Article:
U of C makes president’s contract public

By Amy Badry

July 1 marked the first official day on the job for Elizabeth Cannon as the eleventh president of the University of Calgary. Another first is the publication of the president’s contract which was posted online listing, among other details, Cannon’s take-home base salary at $430,000.

The U of C decided to post Cannon’s contract on its website after the school was heavily criticized by both the public and the auditor general last year over former president Harvey Wiengarten’s pension package. The $4.5 million package was agreed upon in a ‘handshake’ deal in 2001, but not added to an updated employment contract until 2008.

“The decision was made to post her contract online the day we announced her selection as president in April,” said U of C media relations officer Grady Semmens.

Semmens explained the contract was made public “in order to be open and transparent.”

This is the first time a U of C president’s contract has been posted online.

Cannon will also receive $16,000 for a car, a $12,000 executive allowance and potential bonuses of up to 20 per cent of her gross salary each year as president.

External consultant Tower Hudson was involved in establishing the compensation package.

“Part of the process was to look at the compensation for university presidents across Canada,” said Semmens.

Cannon’s salary represents an average for university presidents in the G13 — the 13 largest universities in Canada. University of Alberta president Indira V. Samarasekera is currently the highest paid post-secondary executive in the country with a base salary of $479,000 and non-cash benefits (not including pension) of $222,000 which includes her home purchased by the university. Cannon turned down an offer from the U of C for home benefits.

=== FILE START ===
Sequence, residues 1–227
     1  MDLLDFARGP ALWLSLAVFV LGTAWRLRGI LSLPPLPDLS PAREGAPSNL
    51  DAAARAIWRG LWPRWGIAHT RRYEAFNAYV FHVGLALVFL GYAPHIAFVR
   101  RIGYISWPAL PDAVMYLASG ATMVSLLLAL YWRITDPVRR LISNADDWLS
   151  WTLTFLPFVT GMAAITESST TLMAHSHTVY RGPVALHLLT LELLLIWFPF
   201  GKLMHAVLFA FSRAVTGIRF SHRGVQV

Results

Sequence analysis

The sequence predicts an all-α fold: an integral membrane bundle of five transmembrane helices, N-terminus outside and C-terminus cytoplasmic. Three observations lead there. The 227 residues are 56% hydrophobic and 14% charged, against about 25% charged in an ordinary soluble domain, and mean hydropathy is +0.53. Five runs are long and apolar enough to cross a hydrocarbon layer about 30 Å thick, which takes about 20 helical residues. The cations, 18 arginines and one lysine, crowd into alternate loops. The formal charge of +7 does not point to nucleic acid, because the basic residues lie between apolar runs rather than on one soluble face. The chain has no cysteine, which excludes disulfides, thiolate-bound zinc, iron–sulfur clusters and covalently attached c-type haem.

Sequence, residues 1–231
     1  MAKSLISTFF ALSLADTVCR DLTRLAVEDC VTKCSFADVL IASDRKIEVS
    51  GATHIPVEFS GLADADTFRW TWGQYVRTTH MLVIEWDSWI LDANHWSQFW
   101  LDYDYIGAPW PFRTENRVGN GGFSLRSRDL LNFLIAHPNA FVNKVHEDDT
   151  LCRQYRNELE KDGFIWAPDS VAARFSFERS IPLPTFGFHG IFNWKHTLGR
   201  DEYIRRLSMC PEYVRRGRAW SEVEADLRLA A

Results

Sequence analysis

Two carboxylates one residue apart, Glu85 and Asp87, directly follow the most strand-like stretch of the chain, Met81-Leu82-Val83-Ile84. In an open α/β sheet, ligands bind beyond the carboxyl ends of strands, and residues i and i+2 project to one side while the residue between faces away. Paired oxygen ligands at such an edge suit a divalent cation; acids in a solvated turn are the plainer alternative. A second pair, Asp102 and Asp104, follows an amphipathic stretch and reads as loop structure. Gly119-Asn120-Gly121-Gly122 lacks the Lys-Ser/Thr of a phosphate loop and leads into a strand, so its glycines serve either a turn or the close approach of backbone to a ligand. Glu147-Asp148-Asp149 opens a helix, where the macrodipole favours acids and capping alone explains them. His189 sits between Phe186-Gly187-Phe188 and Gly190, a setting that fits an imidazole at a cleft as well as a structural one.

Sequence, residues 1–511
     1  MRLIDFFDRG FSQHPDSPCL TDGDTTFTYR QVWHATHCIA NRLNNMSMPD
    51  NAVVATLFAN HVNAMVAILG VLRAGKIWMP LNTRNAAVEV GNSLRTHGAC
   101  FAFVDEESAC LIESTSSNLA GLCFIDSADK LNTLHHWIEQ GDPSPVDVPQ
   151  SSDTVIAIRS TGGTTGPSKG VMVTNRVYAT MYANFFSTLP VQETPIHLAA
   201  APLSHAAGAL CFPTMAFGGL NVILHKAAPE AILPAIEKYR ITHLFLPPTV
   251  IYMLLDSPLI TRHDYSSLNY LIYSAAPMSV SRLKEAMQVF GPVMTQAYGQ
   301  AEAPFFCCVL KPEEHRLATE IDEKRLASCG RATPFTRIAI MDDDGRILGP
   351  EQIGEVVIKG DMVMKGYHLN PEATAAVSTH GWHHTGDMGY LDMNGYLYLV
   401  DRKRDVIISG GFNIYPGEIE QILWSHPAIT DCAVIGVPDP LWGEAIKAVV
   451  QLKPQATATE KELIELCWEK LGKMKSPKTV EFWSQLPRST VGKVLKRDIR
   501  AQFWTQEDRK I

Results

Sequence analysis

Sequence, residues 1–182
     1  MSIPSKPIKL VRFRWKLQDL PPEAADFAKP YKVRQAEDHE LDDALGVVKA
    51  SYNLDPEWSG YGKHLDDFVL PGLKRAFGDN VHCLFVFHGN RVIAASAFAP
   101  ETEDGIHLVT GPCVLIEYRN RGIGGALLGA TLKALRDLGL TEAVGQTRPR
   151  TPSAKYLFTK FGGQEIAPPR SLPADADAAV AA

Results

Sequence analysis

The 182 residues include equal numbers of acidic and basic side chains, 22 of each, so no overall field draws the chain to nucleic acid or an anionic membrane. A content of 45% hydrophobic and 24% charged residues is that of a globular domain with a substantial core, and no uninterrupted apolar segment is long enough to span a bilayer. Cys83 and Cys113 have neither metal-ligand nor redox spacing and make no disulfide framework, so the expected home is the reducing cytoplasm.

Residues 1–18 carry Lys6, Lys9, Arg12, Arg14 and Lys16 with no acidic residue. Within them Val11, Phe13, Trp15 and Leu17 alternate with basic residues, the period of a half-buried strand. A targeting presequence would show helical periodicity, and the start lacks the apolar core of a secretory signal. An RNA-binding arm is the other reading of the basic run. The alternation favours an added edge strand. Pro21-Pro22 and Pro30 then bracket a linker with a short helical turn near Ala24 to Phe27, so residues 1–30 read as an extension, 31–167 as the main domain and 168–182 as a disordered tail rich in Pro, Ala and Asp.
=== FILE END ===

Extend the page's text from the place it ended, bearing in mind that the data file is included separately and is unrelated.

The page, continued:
According to Semmens, the U of C is taking other steps to ensure fiscal goals are fair, balanced and transparent. Sessions are being held and more are scheduled to allow university faculty and students to provide input into the budgetary process as it unfolds.

“[The U of C] will continue communicating the steps that are being taken to try to meet some of the budgetary challenges the university is facing this year and in future years,” said Semmens.

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